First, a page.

Nutrition for Shift Workers

I previously worked as a police officer and loved the daily challenge of such a unique job.

But I witnessed chronic poor health amongst a number of colleagues. We regularly lived off ready-made, processed meals, fast food and caffeine to fight tiredness and to cope with the topsy-turvy wake/sleep shift pattern. This soon takes its toll. Shift work puts you at greater risk of chronic health conditions, such as type 2 diabetes, obesity, IBS, high blood pressure, heart disease and fatigue.

But all is not lost. Many of these conditions can be addressed and reversed with nourishing food and good lifestyle choices. I am living proof of that! I addressed issues with asthma, digestive issues/sensitivities and monthly mood swings, all by tweaking my diet. That was it. Oh, and I did stop shift work, but that is not a necessity! You can continue shift work and better manage your health, with some understanding of chrononutrition – the relationship between food timing and your body’s metabolism.

How, when and what you eat can keep your body’s wake/sleep cycle better in alignment with your metabolism, and this impacts your health.

Chrono-Nutrition – Feed Your Body Clock!

Our body clocks are designed to release certain hormones over a 24-hour period, known as our circadian rhythm. Our digestive hormones are triggered during the day

  • prompting an appetite to eat to maintain energy and fuel our activities
  • releasing digestive juices and stomach acid to properly breakdown the food we eat
  • absorbing our nutrients for energy production
  • telling us when we are full.

This all happens most efficiently during the day.

Sleep hormones rise in response to it getting dark, and our digestive hormones slow down. At night, our body is programmed to detoxify, particularly our brains and digestive tracts. Toxins, hormones, dead cells, and chemicals are flushed out of the body, cleansing and protecting it from the brain down. This is not the natural time for processing and digesting food, which presents a biological challenge if you are a shift worker.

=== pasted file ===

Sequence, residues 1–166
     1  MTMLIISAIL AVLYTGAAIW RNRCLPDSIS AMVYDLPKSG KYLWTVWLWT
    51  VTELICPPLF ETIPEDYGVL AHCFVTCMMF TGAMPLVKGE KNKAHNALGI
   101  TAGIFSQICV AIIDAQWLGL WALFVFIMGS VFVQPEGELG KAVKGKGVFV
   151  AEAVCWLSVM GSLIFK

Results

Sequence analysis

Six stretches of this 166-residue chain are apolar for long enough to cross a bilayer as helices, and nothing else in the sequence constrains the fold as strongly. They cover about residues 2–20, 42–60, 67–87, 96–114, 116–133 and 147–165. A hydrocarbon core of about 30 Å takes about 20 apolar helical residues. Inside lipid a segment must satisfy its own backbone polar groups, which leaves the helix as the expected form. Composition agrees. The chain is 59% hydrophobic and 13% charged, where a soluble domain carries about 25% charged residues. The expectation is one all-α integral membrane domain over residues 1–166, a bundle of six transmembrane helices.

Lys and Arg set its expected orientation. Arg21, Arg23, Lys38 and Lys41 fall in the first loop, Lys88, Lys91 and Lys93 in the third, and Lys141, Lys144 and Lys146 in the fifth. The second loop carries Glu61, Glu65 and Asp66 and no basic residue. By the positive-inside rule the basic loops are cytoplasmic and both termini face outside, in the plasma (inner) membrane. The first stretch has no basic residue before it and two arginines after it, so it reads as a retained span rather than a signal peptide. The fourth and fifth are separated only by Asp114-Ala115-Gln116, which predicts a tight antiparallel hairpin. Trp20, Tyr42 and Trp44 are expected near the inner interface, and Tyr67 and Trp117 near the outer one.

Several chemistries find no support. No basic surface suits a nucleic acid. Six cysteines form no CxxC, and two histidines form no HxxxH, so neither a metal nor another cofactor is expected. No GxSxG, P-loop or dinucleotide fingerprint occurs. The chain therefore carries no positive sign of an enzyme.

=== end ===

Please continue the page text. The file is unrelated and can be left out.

The impact of eating against our natural circadian rhythm can be

  • Sluggish digestion. Food sits around in the gut for longer and can cause symptoms of painful bloating, indigestion and wind.
  • The lining of our gut is repaired and replaced when given a break from digesting. A break of 10-12 hours is ideal to restore and heal a gut lining that can easily become inflamed from the daily assault from processed foods, bacteria, viruses, high sugar intake, alcohol and stress.
  • Energy peaks and troughs – insulin production drops at night. Insulin helps to take sugar, or glucose, out of our blood and into our cells to produce energy. As metabolism also slows at night to encourage rest, excess fuel is more likely to be stored as fat. Weight management can be an issue, and shift workers are more likely than non-shift workers to be obese.

Why do we crave the wrong foods?

When tired, we tend to crave simple carbohydrate foods that have a high ‘glycaemic value’, giving us a quick sugar hit – biscuits, cakes, pastries, chips, crisps, chocolate, sweets, and carbonated drinks. They also release dopamine that gives us a little ‘high.’ But two things happen. We crave more. That’s the role of dopamine. And we experience an energy crash. So the rollercoaster energy ride begins, meeting each crash with more sugar and caffeine throughout the day/night.

A Healthier Plate

Use this brilliant template to balance every meal with

  • good sources of protein (eggs, chicken, fish, nuts, some red meat, oats),
  • healthy fats (eggs, oily fish, nuts, seeds, avocado, natural, organic yoghurt)
  • an abundant colourful variety of vegetables and fruit at every meal to increase your fibre, vitamin and mineral intake (1/2 your plate!) is a great way of keeping your body and mind nourished and energy consistent. You stay fuller for longer than choosing higher glycaemic foods. You are less likely to have peaks and troughs of energy, and less likely to crave sugary snacks and caffeine to stimulate energy.

Top night shift tips

  • Plan your meals and food shop in advance to make healthy meal planning and prep easier.
  • Eat a meal before your shift starts, including a good source of protein to keep you full.
  • Take plant-based dishes, homemade soups and smoothies with you, which are gentler on your digestive system, and reduce the temptation of fast food and snack machines.
  • Drink water and herbal teas instead of caffeine and carbonated drinks, to reduce the impact on your stress hormones.
  • Protein & fibre with breakfast balance your blood sugar and appetite whilst you sleep.

Supporting your body’s natural circadian rhythm and energy metabolism is a simple and effective tool for reviving your vitality.


If you work shifts, I can support you in three ways:-

  1. Your organisation – I can deliver my programmes Feed Your Body Clock, Eat Well 24/7 and It Makes S.E.N.S.E. to support your workplace.